Loosing time capsules is also a big problem, although well documented at their closure or burial, they soon become forgotten by following generations and there are a number of records of capsules that have either been stolen or their site not properly recorded. The TV series MASH was a classic case where after the final shoot, items, costumes, scripts were all sealed up, buried and then promptly lost under the studios carpark.

Future TIme Capsules

These are just some of the various forms and examples of times capsules in existence ranging from burial goods, tragic accidents and the intentional attempts to communicate with future generations telling them about today. Commentators observe that most are simply a collection of bric-a-brac and rubbish of the day but occasionally some do contain genuine objects, thoughts and insights of interest for those who follow us.

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      sanstar 6 years ago

      Great Hub. i never knew there were so many interesting time capsules

    • Eiddwen profile image

      Eiddwen 7 years ago from Wales

      Tis was brilliant Knell63, I was gripped from beginning to end. I will be glad to follow you and I look forward to reading more of your work. I am voting this one up. Take care.

    • suziecat7 profile image

      suziecat7 7 years ago from Asheville, NC

      Great Hub. I love the idea of time capsules and didn't know they went so far back.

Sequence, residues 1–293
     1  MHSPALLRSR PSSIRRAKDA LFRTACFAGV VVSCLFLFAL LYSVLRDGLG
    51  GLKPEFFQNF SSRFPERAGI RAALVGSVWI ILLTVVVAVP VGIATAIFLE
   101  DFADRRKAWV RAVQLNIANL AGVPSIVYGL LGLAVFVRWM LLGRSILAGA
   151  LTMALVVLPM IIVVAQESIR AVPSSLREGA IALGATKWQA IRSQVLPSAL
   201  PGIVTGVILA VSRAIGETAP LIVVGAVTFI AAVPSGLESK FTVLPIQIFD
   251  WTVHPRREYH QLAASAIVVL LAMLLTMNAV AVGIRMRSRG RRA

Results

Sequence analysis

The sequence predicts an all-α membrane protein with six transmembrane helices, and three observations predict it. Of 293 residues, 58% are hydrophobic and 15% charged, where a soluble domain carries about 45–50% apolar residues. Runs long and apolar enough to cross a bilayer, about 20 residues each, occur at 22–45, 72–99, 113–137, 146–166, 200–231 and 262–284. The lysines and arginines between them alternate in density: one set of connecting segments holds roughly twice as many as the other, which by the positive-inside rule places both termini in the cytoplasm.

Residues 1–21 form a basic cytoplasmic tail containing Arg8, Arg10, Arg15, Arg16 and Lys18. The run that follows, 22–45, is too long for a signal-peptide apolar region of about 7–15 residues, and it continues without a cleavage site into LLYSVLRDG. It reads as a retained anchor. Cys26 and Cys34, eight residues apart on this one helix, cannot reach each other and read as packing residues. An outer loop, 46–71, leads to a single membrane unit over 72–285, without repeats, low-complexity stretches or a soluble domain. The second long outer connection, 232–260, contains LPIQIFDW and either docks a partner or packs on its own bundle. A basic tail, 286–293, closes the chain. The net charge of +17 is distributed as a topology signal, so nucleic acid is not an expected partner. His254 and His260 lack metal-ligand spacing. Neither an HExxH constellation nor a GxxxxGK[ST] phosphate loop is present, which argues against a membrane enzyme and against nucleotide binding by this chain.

• knell63 profile image

      knell63 7 years ago from Umbria, Italy

      Hi all, glad you enjoyed the hub, it was fun reading about all these funny things people put in them. It would be great to be there Kaie when they open it up and see the results. I agree Nancy, I often wonder about leaving a little one somewhere with some personal memorabilia in it. Yep Paradise the MASH one was so how misplaced and think they've built a hotel over it now. Always mark it with an "X" so you remember.

    • Paradise7 profile image

      Paradise7 7 years ago from Upstate New York

      What an interesting hub! They lost the M*A*S*H memorabalia? I didn't know that. Very interesting, all in all.

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      Nancy's Niche 7 years ago

      Time capsules hold such interesting pieces of individual lives and history. What a grand idea this was; leaving behind a bit of yesteryear from each era for others to enjoy...

    • Kaie Arwen profile image

      Kaie Arwen 7 years ago

      This was "great!" We have a time capsule built into a piece of the wall at the school where I work. It's set to be removed in 2013........... hope I'm there to see what the students who filled it thought would be an important part of their history! Thanks for this! Kaie

    • Hello, hello, profile image

      Hello, hello, 7 years ago from London, UK

      Thank you for an interesting hub. I am sorry but that 'funny' above was accidental. They should put in their programm to start again when you make a mistake. I am sorry.